5 tips for breaking up with someone if you're *so* bad at confrontation
Avoiding confrontation is quite often a good thing. It can mean that you’re generally peaceful and like to work things out and not sweat small stuff whenever possible. There is nothing wrong with that. But standing up for yourself is obviously so important, and being naturally not great at confrontation makes it a lot harder to do. And in romantic relationships, it can be super hard to handle. Your fear of rocking the boat usually ensures that everyone’s pretty content in the relationship, until you just can’t bear it anymore and need to end it. But how do you break up with someone when you hate of confrontation?
Breakups are all about confrontation. You usually have to speak your mind, tell someone that they’re doing something that you don’t like anymore, and possibly have to endure a few tears. Ugh, even the easiest breakups are hard and messy.
Which is one reason some people who hate confrontation will try to find other ways to do it, like sending an email or a text message. You already know this, but do not do this! You may hate confrontation, but the person you’ve been in a relationship with deserves (maybe they do — if they don’t, just scram) to be told face to face that this whole couple thing is over.
Here are some ways to make it work for you.
1Change the way you look at it.
It doesn’t have to be a confrontation at all. Remember: You liked this person once. You’ve smooched. You shared each other’s fries. This doesn’t have to be a war. Obviously, you don’t have to be nice if they’ve been a sh*t head to you, but try to think of the breakup as a conversation. Really, you’re standing up for yourself and taking control of your relationship — this is an exciting, strong thing you’re doing. If you go in expecting a fight, you’re setting yourself up for anxiety and possibly failure.
2Prepare your remarks.
When you’re scared of confrontation, people can throw you off of your game pretty easily, so you should try to go into the conversation knowing what you’re going to say. Hell, write it down if you have to. Try a few different versions and don’t feel embarrassed if you want to type it into your phone or bring a piece of paper. Then tell your person to let you finish and not interrupt so you can get through everything you want to say. Having a blueprint to follow will help ease your jitters and keep you on message.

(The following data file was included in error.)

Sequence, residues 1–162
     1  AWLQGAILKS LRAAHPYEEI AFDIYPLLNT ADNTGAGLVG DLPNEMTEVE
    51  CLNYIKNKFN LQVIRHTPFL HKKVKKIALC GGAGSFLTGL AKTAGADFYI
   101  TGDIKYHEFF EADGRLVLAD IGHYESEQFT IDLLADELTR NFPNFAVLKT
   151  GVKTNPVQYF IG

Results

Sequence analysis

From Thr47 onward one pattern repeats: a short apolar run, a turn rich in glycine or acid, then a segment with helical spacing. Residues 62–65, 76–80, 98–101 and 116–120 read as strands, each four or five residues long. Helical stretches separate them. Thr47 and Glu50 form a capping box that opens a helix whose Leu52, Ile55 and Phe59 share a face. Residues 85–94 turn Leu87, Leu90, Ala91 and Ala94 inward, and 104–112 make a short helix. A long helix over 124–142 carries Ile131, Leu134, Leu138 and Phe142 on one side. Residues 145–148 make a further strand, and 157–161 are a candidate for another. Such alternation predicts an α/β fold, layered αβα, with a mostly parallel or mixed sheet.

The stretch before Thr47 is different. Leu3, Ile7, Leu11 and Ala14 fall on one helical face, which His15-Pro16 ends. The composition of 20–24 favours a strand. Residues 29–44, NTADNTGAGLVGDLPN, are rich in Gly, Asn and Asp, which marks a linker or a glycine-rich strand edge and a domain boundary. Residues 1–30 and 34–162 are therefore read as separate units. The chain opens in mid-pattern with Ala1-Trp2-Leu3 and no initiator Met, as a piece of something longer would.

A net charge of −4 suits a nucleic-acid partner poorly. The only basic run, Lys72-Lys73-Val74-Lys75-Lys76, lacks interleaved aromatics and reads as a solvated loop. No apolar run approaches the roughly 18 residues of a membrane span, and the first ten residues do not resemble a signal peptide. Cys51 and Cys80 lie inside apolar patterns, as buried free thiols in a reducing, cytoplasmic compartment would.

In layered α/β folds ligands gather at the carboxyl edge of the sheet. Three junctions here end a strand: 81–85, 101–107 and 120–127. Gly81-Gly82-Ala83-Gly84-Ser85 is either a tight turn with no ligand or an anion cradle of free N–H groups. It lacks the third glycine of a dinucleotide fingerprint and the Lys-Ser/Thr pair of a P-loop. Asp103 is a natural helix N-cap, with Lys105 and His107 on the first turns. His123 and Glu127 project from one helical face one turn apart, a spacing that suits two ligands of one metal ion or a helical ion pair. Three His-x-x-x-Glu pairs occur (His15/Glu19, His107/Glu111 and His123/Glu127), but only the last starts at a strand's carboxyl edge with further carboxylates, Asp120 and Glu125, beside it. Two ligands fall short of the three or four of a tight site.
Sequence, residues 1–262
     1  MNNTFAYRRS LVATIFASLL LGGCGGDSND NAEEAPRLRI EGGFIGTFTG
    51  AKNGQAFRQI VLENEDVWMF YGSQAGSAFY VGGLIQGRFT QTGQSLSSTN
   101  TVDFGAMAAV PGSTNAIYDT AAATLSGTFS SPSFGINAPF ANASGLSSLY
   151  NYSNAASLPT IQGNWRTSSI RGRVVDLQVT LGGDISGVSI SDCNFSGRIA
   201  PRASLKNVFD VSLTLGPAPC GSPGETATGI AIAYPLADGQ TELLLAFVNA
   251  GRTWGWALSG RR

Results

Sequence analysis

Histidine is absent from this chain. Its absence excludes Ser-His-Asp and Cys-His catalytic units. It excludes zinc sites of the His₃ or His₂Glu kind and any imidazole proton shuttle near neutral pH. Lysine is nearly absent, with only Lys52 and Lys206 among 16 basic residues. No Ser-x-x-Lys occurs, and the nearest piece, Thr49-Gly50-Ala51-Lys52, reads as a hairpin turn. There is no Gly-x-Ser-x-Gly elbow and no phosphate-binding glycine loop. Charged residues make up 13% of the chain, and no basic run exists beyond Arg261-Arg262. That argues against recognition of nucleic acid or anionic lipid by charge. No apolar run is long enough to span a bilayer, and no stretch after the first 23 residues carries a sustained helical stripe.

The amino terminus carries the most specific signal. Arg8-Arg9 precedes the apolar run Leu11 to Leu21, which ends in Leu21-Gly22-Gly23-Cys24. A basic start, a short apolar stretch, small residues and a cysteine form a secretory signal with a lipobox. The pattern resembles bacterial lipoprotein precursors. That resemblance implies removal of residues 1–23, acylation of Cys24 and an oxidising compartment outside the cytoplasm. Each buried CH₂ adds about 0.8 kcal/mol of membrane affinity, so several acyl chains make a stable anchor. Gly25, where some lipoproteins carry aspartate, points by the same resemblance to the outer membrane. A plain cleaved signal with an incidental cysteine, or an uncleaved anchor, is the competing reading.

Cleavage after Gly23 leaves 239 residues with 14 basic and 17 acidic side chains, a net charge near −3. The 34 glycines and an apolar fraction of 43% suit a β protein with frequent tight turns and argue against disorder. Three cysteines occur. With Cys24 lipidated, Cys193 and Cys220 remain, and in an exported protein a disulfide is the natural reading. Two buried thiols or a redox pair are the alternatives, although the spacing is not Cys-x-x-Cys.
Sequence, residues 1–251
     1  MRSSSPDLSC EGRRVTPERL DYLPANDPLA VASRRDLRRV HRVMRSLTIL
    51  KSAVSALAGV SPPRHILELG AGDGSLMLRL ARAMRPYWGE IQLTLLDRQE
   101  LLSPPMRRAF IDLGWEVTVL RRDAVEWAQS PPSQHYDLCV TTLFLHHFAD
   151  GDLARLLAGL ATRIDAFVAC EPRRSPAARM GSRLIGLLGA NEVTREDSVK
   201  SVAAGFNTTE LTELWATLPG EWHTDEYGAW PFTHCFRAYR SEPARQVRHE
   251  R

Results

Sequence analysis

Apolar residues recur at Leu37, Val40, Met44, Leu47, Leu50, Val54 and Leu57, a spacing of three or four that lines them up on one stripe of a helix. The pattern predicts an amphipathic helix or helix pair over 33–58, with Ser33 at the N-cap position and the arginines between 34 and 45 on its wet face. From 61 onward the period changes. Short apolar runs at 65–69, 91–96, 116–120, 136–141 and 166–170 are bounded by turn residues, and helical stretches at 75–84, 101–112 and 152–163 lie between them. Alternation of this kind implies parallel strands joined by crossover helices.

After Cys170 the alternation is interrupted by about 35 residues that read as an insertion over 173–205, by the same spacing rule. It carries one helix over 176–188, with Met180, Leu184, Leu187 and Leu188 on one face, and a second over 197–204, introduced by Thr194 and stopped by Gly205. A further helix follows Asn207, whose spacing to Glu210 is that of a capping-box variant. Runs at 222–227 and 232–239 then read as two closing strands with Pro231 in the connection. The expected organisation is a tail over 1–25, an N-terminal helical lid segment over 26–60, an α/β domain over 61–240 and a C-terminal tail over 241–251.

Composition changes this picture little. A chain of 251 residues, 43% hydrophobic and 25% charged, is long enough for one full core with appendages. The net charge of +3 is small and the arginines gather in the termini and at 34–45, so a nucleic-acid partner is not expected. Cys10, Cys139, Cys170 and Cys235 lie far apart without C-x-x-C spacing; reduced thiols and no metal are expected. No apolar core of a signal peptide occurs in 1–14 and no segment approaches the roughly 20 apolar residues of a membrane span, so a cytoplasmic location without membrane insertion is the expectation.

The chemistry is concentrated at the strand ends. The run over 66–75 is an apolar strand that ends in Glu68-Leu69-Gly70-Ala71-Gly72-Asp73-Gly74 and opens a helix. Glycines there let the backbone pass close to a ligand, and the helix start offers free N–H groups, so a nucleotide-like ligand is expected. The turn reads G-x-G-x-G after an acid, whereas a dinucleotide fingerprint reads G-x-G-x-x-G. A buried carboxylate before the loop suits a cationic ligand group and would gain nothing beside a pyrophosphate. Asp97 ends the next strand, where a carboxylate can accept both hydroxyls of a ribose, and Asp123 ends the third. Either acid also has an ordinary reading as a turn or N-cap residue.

3Be really clear about what you want.
This is hard to do for everyone, especially during a breakup. No one wants to be rejected, and it’s not much better to reject someone, so we often tweak what we really want to say until it resembles something that sounds “nicer.” You should totally be as nice and respectful as possible, but you also want to try to be as specific as possible so there’s not a lot to discuss afterwards. That’s the part that can lead to confrontation, you know?
4Practice a little.
This might sound really cheesy, but you should practice in front of the mirror or something before you head out to breakup with someone. Really! It will help you find the weak points of your breakup argument (like, what is a “break” anyway?) and make them more clear and specific. It will also make it feel more natural when you deliver the breakup in person since you’ve run through it before.
5Tell them that this isn’t up for discussion.
The fact is, people usually see breakups coming. And if they know you, this person probably already knows you’re not into conflict, although you should feel free to remind them. Once you’ve sat them down, run through the breakup, and listened to any of their responses, you have every right to end the whole conversation. Tell the person that this isn’t a fight or some game to be won. It’s over. Then get up, go, and meet your friends for lunch because you deserve it. That was rough.